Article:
Thanks for your response.
After my initial post, I came across another thread in this forum that deals in part with the same subject: http://electrical-contractor.net/ubb/Forum2/HTML/000981.html
As you say, the code spells out the minimum that is required to protect the wiring from the 1-5/8" screws of the drywall installer.
Para 300.4(D) also proposes that cable runs parallel to framing members be kept a minimum of 1-1/4 inches away. I believe that this is as much for the benefit of homeowner (attaching a heavy shelf), as it would be for the benefit of a kitchen cabinet installer.
In the case of the homeowner installing a heavy shelf, the homeowner could be expected to use a nail or screw which exceeds the typical length of a 1-5/8 inch drywall screw and seek out a stud to accept it.
The code seems to allow the homeowner a safety zone of 1 1/4 inches on either side of the stud in case he/she accidentially misses the stud.
Another paragraph I came across says:
"Also NOTE - Nonmetallic-Sheathed Cable and Electrical Nonmetallic Tubing. Where nails or screws are likely to penetrate nonmetallic-sheathed cable or electrical nonmetallic tubing, a steel sleeve, steel plate, or steel clip not less than 1.6 mm (1⁄16 in.) in thickness shall be used to protect the cable or tubing. "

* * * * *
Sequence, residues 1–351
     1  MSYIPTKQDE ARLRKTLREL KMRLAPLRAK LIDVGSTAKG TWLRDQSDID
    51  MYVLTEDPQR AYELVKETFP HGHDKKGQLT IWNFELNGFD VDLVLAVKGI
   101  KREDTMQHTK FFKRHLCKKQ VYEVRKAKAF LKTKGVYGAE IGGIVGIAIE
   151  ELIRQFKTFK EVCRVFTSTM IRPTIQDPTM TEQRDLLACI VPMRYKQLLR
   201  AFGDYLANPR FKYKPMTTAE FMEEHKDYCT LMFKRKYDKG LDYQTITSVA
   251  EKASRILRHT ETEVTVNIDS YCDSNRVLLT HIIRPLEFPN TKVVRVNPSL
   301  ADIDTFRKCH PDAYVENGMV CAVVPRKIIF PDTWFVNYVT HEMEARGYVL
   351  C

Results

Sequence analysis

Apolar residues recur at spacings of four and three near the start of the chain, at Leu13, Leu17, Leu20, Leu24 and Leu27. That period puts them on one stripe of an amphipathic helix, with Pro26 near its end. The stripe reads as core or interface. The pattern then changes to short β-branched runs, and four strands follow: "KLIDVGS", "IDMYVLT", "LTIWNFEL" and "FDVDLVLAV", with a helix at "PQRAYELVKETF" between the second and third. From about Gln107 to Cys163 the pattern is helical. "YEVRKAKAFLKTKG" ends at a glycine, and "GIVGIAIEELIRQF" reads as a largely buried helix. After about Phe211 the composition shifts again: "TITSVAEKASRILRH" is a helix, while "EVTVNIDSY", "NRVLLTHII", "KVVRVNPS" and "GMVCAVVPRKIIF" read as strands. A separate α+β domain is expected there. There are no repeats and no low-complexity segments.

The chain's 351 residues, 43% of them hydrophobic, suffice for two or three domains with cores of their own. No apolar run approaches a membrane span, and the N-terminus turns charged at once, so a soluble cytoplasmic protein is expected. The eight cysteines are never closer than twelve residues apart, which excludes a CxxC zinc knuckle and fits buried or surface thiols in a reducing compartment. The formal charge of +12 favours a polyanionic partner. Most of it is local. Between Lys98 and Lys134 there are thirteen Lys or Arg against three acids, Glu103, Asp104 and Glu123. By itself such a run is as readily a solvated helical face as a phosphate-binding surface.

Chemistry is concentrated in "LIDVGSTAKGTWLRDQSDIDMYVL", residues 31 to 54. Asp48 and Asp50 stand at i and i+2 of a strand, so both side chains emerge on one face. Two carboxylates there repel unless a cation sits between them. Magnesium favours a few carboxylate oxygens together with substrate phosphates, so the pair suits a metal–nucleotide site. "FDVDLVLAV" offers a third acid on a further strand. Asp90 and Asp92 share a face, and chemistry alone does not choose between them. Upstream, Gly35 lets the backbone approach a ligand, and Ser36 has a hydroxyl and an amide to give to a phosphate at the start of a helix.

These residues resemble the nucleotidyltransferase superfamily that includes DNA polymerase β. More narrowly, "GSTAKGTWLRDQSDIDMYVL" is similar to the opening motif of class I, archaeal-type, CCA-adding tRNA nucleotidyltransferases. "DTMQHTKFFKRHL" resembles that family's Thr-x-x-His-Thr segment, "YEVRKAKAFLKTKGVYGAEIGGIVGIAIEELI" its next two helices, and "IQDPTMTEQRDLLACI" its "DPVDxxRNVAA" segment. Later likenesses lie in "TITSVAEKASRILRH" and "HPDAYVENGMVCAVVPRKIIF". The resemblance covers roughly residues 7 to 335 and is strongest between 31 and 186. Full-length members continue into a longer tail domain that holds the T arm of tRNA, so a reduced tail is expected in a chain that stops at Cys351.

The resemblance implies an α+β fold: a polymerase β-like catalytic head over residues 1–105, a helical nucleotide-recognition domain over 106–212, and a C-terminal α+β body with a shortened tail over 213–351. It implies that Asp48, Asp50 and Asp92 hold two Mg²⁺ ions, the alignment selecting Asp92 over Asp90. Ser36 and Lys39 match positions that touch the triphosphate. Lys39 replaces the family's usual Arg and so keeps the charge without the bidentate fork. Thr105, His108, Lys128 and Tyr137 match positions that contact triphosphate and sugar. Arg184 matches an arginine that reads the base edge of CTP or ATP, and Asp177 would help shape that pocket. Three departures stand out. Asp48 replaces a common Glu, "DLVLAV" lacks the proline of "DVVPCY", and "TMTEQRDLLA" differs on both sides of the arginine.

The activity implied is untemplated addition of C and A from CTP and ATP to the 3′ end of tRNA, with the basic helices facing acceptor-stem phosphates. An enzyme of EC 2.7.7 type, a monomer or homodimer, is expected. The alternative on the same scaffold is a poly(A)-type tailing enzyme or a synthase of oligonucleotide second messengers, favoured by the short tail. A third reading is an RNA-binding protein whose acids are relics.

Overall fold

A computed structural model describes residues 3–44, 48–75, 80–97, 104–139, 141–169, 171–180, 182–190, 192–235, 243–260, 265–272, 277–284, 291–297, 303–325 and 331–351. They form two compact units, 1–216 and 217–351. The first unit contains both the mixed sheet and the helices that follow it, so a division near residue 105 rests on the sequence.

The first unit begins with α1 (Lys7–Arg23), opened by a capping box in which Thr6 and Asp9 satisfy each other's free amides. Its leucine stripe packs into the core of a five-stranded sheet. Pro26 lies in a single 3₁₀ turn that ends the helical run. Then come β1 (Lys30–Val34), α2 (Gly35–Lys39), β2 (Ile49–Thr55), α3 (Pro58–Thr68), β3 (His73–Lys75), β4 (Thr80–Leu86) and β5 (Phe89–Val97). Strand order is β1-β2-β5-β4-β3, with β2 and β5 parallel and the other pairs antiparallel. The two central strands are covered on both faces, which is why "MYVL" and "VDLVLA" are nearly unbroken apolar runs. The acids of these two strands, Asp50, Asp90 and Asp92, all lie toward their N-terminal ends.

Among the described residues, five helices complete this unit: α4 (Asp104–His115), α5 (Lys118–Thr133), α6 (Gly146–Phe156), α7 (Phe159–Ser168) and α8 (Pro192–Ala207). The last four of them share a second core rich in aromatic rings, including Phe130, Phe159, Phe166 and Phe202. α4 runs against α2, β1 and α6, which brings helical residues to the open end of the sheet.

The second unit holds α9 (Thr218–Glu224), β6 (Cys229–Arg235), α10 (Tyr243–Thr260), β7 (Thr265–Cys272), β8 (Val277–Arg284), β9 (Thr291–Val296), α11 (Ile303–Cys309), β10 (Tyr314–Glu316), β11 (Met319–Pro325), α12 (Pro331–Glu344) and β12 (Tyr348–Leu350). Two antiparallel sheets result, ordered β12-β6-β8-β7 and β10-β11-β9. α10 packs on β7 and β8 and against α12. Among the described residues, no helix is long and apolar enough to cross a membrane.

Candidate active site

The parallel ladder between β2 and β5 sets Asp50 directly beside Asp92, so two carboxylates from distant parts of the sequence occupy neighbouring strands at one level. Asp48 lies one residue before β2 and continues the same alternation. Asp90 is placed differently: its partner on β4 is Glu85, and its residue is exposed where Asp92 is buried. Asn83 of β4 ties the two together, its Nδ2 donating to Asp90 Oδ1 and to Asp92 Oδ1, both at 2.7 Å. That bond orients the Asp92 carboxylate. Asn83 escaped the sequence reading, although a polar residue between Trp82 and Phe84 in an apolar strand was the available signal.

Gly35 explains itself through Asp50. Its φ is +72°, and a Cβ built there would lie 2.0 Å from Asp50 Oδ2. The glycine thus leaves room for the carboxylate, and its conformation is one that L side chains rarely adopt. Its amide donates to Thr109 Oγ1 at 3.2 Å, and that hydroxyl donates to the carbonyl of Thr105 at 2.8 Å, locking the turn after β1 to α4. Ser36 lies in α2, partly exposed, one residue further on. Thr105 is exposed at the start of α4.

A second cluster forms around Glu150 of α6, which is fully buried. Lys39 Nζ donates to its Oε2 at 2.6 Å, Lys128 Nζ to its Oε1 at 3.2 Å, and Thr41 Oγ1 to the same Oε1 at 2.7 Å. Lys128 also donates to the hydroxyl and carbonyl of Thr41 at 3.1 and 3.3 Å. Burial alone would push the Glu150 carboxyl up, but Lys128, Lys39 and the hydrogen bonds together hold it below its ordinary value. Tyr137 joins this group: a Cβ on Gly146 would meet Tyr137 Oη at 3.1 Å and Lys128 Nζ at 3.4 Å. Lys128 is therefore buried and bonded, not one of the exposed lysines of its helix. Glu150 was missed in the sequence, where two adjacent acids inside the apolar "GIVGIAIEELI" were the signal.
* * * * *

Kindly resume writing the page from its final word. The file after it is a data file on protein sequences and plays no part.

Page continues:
This leaves the decision up to the electrician to imagine what folly the future homeowner(s) might create. This suggests that if 1) cable runs converge in walls or ceilings as they approach a distribution box, and if 2) these cables pass through holes in framing members, and even if 3) the holes are set in at least 2 inches from the outer surface of the drywall, and if 4) the electrician believes that a future home homeowner would likely want to install a heavy shelf in such a location, then the electrician has the responsibility to provide aditional protection with 1/16" thick steel plates.
For what its worth, I tried drilling a 1/8 inch diameter hole in such a steel plate and it takes very little extra force compared to drilling through wood and about an extra 10 seconds to pierce the steel plate.
These steel plates work perfectly in preventing a drywall screw from contacting the wire, but it would take a stainless steel plate to adequately discourage a naive homeowner in his or her attempt to drill into a dangerous wiring zone.
Thanks again for posting.